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Summary We perceive movement, change, and the succession and durations of events. We are constantly aware of the flow of our thoughts. Philosophers have long struggled to provide a coherent and unified account of these temporal aspects of experience. Some have simply denied that we do enjoy temporal experience. Most have sought to explain how such experience is possible, commonly by appeal to memory, or to the contested notion of the specious present. The answers to these questions have been thought important to questions concerning self-knowledge, the nature of perceptual experience in general, and the metaphysics of time.
Key works The most important early modern discussions of temporal experience are in Locke 2008, especially chapter XIV, and Reid 2002, essay III 'Of Memory'. James 1890, chapter XV, is a landmark discussion of time perception from both a philosophical and scientific perspective. A number of important philosophical discussions appeared in the decades following James, most saliently Broad 1923 and Husserl 1991. Recent interest in these issues has been reignited by, amongst others, Dainton 2000. Dennett & Kinsbourne 1992 is a provocative and important contribution making connections with empirical work.
Introductions The following recent papers/books contain broad treatments of some of central philosophical issues: (1) Dainton unknown. Also: Dainton 2008 and Dainton 2000, part two; (2) Le Poidevin 2007. Also: Le Poidevin 2008; (3) Gallagher 1998; (4) Kelly 2005; (5) Phillips 2010. A nice survey of historical work in the area is Andersen & Grush 2009.
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  1. James Aho (2011). Michael G. Flaherty: The Textures of Time: Agency and Temporal Experience. [REVIEW] Human Studies 34 (1):111-113.
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  2. Jan Almäng (2012). Time, Mode and Perceptual Content. Acta Analytica 27 (4):425-439.
    Francois Recanati has recently argued that each perceptual state has two distinct kinds of content, complete and explicit content. According to Recanati, the former is a function of the latter and the psychological mode of perception. Furthermore, he has argued that explicit content is temporally neutral and that time-consciousness is a feature of psychological mode. In this paper it is argued, pace Recanati, that explicit content is not temporally neutral. Recanati’s position is initially presented. Three desiderata for a theory of (...)
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  3. Pedro M. S. Alves (2008). Objective Time and the Experience of Time: Husserl's Theory of Time in Light of Some Theses of A. Einstein's Special Theory of Relativity. [REVIEW] Husserl Studies 24 (3):205-229.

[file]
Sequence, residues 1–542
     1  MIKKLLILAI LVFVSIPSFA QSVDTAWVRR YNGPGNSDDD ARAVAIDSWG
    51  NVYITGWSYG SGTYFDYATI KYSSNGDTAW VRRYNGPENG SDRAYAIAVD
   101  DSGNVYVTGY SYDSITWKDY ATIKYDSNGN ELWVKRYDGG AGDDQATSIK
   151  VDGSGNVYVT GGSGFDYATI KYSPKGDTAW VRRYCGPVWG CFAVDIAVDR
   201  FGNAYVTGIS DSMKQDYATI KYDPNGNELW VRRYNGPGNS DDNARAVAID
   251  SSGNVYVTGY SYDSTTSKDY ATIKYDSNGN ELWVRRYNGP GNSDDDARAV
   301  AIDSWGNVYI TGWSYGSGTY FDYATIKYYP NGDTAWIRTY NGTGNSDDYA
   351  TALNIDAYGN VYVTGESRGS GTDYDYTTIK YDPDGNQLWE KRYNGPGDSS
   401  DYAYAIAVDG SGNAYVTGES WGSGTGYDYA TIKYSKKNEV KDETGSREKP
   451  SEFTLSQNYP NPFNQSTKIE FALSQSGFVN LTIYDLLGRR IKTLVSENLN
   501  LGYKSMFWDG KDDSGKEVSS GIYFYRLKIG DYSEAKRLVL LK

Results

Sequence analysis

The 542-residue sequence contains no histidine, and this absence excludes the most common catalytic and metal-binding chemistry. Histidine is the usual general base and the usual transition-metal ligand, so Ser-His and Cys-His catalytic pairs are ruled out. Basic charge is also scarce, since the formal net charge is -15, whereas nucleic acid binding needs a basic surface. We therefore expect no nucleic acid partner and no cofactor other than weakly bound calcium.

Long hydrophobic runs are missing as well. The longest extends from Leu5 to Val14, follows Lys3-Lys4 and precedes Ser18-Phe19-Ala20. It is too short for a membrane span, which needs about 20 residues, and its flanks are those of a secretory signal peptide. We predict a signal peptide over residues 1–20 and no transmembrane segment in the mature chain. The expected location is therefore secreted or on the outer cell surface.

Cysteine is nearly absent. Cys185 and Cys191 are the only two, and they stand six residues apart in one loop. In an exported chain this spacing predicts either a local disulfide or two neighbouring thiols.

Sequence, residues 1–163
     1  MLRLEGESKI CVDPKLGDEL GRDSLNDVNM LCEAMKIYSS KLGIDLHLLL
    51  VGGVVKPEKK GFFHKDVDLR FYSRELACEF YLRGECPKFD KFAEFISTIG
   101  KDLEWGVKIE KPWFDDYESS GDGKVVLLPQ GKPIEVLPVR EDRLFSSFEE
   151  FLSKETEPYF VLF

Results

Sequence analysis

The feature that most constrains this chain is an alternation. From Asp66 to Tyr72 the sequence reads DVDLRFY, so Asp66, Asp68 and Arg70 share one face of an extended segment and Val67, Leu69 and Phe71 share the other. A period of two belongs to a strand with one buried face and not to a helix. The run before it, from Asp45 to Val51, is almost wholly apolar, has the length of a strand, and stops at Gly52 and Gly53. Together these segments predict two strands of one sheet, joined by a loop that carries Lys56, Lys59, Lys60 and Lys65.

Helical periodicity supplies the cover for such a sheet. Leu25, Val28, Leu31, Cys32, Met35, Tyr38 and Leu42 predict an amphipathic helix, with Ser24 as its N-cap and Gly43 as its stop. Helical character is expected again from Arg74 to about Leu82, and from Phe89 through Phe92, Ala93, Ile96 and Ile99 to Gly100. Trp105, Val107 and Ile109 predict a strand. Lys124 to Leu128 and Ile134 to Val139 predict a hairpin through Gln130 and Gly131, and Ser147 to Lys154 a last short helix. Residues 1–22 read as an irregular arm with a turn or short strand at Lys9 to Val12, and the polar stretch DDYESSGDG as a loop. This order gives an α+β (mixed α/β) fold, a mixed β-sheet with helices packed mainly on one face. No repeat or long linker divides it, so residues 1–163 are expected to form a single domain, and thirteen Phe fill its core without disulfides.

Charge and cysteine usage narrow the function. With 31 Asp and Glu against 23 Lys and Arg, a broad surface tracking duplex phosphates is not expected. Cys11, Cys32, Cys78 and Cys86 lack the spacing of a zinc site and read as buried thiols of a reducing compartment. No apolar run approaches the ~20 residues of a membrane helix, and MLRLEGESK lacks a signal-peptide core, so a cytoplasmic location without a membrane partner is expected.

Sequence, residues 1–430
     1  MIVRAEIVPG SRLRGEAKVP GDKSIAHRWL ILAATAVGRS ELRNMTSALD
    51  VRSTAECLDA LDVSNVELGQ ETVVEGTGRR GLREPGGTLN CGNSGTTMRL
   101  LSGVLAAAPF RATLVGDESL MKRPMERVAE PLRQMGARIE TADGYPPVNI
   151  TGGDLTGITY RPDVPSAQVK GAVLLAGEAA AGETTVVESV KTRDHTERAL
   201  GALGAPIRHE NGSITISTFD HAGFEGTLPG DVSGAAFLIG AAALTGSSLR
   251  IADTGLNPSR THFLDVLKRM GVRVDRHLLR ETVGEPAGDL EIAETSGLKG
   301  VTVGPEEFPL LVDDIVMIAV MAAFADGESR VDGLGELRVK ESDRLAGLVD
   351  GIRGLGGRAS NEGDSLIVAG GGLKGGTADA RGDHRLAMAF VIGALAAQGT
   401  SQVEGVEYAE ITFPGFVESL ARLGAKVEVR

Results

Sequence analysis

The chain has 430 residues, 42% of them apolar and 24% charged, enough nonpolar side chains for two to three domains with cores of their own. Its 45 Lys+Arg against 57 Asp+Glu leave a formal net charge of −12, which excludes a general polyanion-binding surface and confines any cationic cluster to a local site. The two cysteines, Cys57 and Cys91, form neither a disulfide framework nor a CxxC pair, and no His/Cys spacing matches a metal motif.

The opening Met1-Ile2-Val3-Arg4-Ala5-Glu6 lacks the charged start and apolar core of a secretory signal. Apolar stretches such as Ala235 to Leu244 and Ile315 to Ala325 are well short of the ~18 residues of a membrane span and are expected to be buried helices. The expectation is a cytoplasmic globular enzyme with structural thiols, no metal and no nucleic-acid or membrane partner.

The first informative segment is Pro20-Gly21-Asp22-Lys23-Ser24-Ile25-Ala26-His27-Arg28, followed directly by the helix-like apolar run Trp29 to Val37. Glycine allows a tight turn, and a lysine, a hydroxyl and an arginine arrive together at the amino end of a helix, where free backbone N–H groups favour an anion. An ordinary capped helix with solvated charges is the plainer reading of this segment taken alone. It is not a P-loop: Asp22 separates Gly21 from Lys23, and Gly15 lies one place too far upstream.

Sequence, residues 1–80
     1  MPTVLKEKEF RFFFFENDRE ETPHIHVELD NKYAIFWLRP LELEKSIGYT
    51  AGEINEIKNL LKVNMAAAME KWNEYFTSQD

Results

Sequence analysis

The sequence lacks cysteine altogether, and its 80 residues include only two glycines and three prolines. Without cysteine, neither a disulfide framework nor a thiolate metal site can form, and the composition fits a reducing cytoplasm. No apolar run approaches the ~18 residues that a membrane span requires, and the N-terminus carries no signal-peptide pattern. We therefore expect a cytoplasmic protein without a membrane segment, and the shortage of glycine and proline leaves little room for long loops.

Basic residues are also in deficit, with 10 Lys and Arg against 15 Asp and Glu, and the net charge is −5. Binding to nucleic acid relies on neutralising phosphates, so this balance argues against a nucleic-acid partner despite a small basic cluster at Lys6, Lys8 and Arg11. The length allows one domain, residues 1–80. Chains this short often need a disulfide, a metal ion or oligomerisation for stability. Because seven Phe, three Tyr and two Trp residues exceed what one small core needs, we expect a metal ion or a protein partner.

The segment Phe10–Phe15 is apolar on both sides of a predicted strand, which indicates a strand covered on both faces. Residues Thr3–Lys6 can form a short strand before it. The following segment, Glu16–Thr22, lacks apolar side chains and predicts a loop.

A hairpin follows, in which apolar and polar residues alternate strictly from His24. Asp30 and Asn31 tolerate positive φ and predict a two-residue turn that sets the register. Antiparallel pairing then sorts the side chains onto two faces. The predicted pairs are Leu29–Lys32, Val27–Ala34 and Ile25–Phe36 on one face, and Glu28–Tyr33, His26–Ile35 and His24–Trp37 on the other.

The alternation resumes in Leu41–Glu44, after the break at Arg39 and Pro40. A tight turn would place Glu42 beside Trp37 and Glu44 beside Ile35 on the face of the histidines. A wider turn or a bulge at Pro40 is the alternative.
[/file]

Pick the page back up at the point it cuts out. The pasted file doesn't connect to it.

In this paper, I start with the opposition between the Husserlian project of a phenomenology of the experience of time, started in 1905, and the mathematical and physical theory of time as it comes out of Einstein’s special theory of relativity in the same year. Although the contrast between the two approaches is apparent, my aim is to show that the original program of Husserl’s time theory is the constitution of an objective time and a time of the world, starting (...)
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  4. Adrian Bardon (ed.) (2011). The Future of the Philosophy of Time. Routledge.

    The last century has seen enormous progress in our understanding of time. This volume features original essays by the foremost philosophers of time discussing the goals and methodology of the philosophy of time, and examining the best way to move forward with regard to the field's core issues.

    The collection is unique in combining cutting edge work on time with a focus on the big picture of time studies as a discipline. The major questions asked include:

    • What are (...)
    • Is the passage of time real, or just a subjective phenomenon?
    • Are the past and future real, or is the present all that exists?
    • If the future is real and unchanging (as contemporary physics seems to suggest), how is free will possible?
    • Since only the present moment is perceived, how does the experience as we know it come about? How does experience take on its character of a continuous flow of moments or events?
    • What explains the apparent one-way direction of time?
    • Is time travel a logical/metaphysical possibility?
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  5. Christopher Belshaw (2000). Death, Pain and Time. Philosophical Studies 97 (3):317-341.
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  6. Henri Bergson (1913/2001). Time and Free Will: An Essay on the Immediate Data of Consciousness. Dover Publications.
    First published in 2002. Routledge is an imprint of Taylor & Francis, an informa company.
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  7. Andrew Brook & Kathleen Akins (eds.) (2005). Cognition and the Brain: The Philosophy and Neuroscience Movement. Cambridge University Press.
    This volume provides an up to date and comprehensive overview of the philosophy and neuroscience movement, which applies the methods of neuroscience to traditional philosophical problems and uses philosophical methods to illuminate issues in neuroscience. At the heart of the movement is the conviction that basic questions about human cognition, many of which have been studied for millennia, can be answered only by a philosophically sophisticated grasp of neuroscience's insights into the processing of information by the human brain. Essays in (...)
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  8. John B. Brough (ed.) (2000). The Many Faces of Time. Dordrecht: Kluwer Academic Pub.
    The authors of the essays collected in this volume continue that tradition, challenging, expanding, and deepening it.
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  9. J. Brown (2000). Mind and Nature: Essays on Time and Subjectivity. Whurr Publishers.